Climate-driven vertical acceleration of Icelandic crust measured by continuous GPS geodesy

Kathleen Compton, Richard A. Bennett, Sigrún Hreinsdóttir

Research output: Contribution to journalArticlepeer-review

24 Scopus citations

Abstract

© 2015 The Authors. Earth's present-day response to enhanced glacial melting resulting from climate change can be measured using Global Positioning System (GPS) technology. We present data from 62 continuously operating GPS instruments in Iceland. Statistically significant upward velocity and accelerations are recorded at 27 GPS stations, predominantly located in the Central Highlands region of Iceland, where present-day thinning of the Iceland ice caps results in velocities of more than 30mm/yr and uplift accelerations of 1-2mm/yr$^{2}$. We use our acceleration estimates to back calculate to a time of zero velocity, which coincides with the initiation of ice loss in Iceland from ice mass balance calculations and Arctic warming trends. We show, through a simple inversion, a direct relationship between ice mass balance measurements and vertical position and show that accelerated unloading is required to reproduce uplift observations for a simple elastic layer over viscoelastic half-space model.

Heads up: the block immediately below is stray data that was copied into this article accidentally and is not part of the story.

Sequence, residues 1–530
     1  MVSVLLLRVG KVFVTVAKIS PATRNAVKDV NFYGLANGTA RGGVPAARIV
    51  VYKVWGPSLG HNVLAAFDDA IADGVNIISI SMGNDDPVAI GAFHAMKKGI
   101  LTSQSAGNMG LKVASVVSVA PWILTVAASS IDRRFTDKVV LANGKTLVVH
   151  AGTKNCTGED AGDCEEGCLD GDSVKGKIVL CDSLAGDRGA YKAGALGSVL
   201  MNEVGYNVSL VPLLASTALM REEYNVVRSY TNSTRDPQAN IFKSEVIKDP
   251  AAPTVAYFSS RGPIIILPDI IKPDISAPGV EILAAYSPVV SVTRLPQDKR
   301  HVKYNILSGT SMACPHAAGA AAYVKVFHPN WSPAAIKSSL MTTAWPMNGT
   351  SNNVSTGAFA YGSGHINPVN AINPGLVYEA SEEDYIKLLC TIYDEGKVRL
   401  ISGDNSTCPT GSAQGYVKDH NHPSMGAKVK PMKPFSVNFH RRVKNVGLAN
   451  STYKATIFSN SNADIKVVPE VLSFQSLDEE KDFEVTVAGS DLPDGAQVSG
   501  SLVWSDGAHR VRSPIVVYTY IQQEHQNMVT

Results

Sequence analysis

Original languageEnglish (US)
Pages (from-to)743-750
Number of pages8
JournalGeophysical Research Letters
Volume42
Issue number3
DOIs
StatePublished - Feb 6 2015
Externally publishedYes

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